There was no mention of the many serious conceptual and methodological flaws that lie at the heart of the IAPT programme. At the broadest level, when Layard accurately identifies the wider social environment – especially inequalities in wealth and the effects of unbridled consumer capitalism – as the key causes of distress, why have the government and the clinical psychology profession chosen to focus so intently upon individual psychological therapy as a major key to these problems? This is particularly puzzling, because there is so much evidence that progressive social policy in regard to taxation, housing, work and family life would have a far greater impact upon the wellbeing of the population than could ever be achieved through the piecemeal provision of individual therapy (Wilkinson and Pickett, 2009). There was no mention of the fact that the IAPT outcome measures themselves are based upon psychiatric diagnoses such as depression, which - according to many academic researchers and current NICE guidelines – are unsatisfactory because they lack both coherence and validity (NICE, 2004). Indeed, the more recent editions of these guidelines have downgraded the value of this specific diagnostic category, on the grounds that it offers few useful clues as to the nature, causes or treatment of misery (NICE, 2009). Furthermore, as the description of the previous conference has made clear, there are deep questions as to whether the psychological therapies, including CBT, amount to proven technologies of personal change in the way that Layard and his supporters from within IAPT clearly assume.
In the brief Q and A session that followed with a participant audience of perhaps sixty people, only two delegates seemed willing to put these points to the panel. Instead of answering these questions, however, one professor simply asserted the proven effectiveness of CBT and then denied that there was any evidence to suggest that redistributive social and economic policies might offer the best tools for tackling widespread unhappiness. Likewise, the panel refused to address the issue of diagnosis-driven treatment, restating their unshakable faith that the therapies on offer would be of proven effectiveness and that that, quite simply, was that. For anyone who was hoping for informed debate this was not a satisfactory response. And yet if others in the audience harboured similar doubts they did not declare them. Rather, the attentive and respectful silence of the participants suggested that many - perhaps most - of the delegates were impressed, or perhaps too browbeaten to dissent from the official line on IAPT. It was only after the close of the session that one psychologist privately confided that she and many of her colleagues had many misgivings about the clinical and ethical value of the IAPT programme. While this expression of doubt was reassuring, what does it say about the scope for openness and debate within a profession that is supposedly based upon a respect for evidence and for truth?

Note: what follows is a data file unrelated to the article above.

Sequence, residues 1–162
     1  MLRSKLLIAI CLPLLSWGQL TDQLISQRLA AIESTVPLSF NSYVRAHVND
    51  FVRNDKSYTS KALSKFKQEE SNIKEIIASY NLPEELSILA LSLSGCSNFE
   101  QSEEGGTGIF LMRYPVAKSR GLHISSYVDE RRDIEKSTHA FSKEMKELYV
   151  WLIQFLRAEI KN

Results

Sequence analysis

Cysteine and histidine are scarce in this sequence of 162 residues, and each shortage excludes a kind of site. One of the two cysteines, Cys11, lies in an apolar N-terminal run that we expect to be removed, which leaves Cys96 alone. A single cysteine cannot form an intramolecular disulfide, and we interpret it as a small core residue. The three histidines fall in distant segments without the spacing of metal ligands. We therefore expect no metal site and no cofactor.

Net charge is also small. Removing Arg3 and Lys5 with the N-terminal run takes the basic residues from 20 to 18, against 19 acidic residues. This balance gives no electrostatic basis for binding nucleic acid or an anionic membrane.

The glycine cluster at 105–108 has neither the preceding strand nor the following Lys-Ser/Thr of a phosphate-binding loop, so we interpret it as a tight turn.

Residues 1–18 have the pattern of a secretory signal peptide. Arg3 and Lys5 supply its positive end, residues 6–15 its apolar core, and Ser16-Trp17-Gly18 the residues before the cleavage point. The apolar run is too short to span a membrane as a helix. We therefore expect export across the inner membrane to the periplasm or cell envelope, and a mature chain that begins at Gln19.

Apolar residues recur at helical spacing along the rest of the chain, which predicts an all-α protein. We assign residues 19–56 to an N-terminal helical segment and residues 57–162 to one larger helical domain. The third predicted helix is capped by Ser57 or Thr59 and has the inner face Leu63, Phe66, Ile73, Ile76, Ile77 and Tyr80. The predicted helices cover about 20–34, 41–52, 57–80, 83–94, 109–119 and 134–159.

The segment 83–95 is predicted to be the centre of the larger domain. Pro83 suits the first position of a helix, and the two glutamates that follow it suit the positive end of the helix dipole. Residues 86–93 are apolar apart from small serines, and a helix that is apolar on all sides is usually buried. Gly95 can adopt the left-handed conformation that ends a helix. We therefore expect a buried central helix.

Both of these conferences illuminate the connections between manufactured ignorance and professional interest, which ensure that certain fundamental difficulties are never addressed. In the first example, the proliferation of ever more convoluted debates successfully obscured any hint of the main issue. This had the effect, in the end, of lulling everyone into a polite consensus that was as insipid as it was self-congratulatory. In the second conference, ignorance was maintained through the construction of a huge edifice of spurious certainty, backed up by institutional and political power. These kinds of practices are not the exclusive preserve of psychology and can be found in many other fields of scientific endeavour – including dietary health promotion (Taubes, 2004), global warming (Oreskes and Conway, 2008) and environmental toxicity (Michaels, 2008). When it comes to self-interest, being a psychologist makes us no more immune from self-deception than any other group – professional or otherwise. Perhaps we should spend less time elaborating and defending complex theories of psychological change which have little basis in demonstrable reality. Instead, to paraphrase Robert Proctor, we should focus more of our energies upon thinking about the conscious, unconscious, and structural production of ignorance, its diverse causes and conformations, whether brought about by neglect, forgetfulness, myopia, extinction, secrecy, or suppression (Proctor, 2008.p.17). Now that would make an interesting topic for a conference.